“We are helping our customers to understand and react to the future where the only shareholder of all our industry is planet earth.”

Mathias Kaldenhoff, Partner Sustainability & Innovation Management, Office of the Chief Technology Officer (CTO) – SAP Germany

Justin Gemeri agreed. He said that in founding ekipa, the goal had been to tackle sustainability issues – and that to do that, it’s vital to engage younger people. “This generation brings so much potential,” he said. “They bring so many new ideas, so many new perspectives to the table that can help to overcome those upcoming challenges.” Yes, said Juergen Sturm. “If you want to have passionate people, you should have exciting targets where they can see the value and the purpose. This really creates a lot of energy.”

Justin Gemeri pursued the point. He said that people live in different circumstances in different parts of the world, and that this has a bearing on their sustainable development priorities. However, he continued, “what unites young people in the digital generation is that they take sustainability seriously, and they don’t accept greenwashing. They expect action – and when they graduate and look for work, that’s where their focus is.”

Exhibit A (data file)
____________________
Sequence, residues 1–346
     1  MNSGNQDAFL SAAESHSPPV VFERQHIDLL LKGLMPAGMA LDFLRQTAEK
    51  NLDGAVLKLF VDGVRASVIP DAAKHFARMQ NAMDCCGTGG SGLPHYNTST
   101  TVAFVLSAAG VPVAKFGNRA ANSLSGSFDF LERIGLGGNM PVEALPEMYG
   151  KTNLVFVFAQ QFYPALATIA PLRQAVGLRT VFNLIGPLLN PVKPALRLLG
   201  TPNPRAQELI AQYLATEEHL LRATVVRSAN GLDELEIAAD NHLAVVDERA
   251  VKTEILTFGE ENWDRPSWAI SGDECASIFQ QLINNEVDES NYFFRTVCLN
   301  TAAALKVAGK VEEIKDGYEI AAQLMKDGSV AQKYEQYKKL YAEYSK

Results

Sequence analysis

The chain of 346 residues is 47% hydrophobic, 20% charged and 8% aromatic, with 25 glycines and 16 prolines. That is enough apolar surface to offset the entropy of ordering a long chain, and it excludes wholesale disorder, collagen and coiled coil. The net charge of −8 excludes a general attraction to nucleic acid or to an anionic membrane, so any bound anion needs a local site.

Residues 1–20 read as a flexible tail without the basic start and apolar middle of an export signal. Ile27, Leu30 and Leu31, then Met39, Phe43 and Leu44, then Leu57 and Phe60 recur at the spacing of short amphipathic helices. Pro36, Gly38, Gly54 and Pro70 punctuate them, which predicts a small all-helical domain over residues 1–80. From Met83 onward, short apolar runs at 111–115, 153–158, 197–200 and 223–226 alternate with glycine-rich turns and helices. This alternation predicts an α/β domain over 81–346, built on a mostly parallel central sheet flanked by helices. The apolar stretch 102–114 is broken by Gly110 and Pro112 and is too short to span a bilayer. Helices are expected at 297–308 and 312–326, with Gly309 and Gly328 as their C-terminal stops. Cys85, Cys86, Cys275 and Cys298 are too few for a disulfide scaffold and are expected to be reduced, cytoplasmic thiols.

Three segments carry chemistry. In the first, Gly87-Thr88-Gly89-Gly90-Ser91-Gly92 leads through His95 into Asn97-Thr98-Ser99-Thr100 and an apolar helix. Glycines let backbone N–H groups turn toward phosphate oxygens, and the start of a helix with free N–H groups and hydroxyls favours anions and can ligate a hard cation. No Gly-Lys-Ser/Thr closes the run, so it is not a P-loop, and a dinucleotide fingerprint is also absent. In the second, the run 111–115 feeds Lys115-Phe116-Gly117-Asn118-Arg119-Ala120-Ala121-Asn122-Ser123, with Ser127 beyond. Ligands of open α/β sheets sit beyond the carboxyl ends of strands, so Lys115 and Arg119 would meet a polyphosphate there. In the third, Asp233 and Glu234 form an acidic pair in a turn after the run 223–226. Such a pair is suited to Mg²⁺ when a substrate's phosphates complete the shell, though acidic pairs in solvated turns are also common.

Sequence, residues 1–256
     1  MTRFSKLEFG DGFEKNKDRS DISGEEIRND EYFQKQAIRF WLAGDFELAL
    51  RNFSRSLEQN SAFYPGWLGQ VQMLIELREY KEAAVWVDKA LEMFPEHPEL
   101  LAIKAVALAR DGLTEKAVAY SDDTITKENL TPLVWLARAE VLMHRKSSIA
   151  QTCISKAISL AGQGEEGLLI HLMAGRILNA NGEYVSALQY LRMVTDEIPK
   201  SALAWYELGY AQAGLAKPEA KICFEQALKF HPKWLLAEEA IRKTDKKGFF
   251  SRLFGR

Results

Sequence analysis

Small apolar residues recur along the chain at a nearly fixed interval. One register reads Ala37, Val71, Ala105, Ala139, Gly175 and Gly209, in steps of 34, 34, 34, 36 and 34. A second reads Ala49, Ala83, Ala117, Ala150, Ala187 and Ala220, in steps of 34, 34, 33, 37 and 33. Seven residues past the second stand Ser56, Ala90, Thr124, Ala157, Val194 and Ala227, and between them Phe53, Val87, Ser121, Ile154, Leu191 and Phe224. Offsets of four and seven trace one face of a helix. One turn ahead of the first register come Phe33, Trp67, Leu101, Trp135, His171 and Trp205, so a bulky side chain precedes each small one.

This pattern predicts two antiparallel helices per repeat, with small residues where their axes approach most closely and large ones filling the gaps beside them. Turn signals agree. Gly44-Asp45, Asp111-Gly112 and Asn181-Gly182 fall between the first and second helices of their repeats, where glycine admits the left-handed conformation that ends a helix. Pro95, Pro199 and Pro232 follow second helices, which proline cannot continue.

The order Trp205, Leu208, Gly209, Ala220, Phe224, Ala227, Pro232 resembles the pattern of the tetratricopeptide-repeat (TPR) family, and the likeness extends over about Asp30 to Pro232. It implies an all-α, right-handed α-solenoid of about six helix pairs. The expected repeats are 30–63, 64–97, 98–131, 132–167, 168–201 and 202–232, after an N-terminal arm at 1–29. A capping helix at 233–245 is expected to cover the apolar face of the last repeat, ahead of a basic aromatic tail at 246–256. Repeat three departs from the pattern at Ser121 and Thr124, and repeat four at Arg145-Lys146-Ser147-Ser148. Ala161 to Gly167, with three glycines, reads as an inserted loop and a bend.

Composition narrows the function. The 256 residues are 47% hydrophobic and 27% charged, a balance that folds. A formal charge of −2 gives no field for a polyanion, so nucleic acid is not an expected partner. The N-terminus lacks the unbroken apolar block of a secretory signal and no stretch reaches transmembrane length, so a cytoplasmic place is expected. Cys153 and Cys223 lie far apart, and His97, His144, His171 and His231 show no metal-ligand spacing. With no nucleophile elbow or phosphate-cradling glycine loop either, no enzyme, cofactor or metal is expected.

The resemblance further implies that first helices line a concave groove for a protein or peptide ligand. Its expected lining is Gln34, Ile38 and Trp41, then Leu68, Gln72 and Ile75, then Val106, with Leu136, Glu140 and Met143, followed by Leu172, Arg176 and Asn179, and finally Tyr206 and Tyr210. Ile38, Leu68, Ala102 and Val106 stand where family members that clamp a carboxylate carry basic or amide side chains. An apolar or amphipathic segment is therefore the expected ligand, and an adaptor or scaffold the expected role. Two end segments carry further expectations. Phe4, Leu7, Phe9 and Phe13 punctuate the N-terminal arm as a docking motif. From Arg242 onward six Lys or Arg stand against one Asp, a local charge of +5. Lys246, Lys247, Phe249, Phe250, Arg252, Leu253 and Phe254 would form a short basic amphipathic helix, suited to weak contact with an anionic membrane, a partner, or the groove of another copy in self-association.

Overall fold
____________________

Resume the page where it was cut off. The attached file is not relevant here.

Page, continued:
Automotive industry: sustainability challenges

Daniel Garschagen invited other event participants to provide an assessment of the current sustainability picture in the automotive industry.

Markus Winkler said that moves towards sustainability in the sector have accelerated since the emergence of the electric vehicle market. The impetus has grown to a level at which it’s now a key factor from one end of an enterprise to the other – from production and operations, out to the supply chain, and beyond.

Automotive businesses, Markus Winkler continued, need to ask themselves where enterprise-wide sustainability begins and ends. It isn’t always straightforward. For instance, he said, you can put a part which has a lower sustainability footprint into a vehicle, but you later find it will consume a lot of energy to recycle this part. You might also find that the recycling quota for the part is lower. It’s in areas like this that organizations need to arbitrate – and that’s where technology has such an important role to play, because how else can businesses keep track of all the variables?

ZF Group is a global technology company supplying systems to the automotive industry, and Juergen Sturm developed Markus Winkler’s argument. He said it was the goal of automotive systems developers such as ZF to use technology to drive electrification, decarbonization, efficiency, safety, and more – and that to make all this happen, the interconnectedness of things was vital.

Like many businesses, Juergen Sturm said, ZF had set itself ambitious sustainability targets – and targets like these need to be a collective endeavor. “No company can achieve this alone,” he said. “We have to involve the large companies, the manufacturing companies, software companies, academia, startups, systems integrators – everyone. I think that’s exciting because science and technology is the answer. And we must really leverage it.”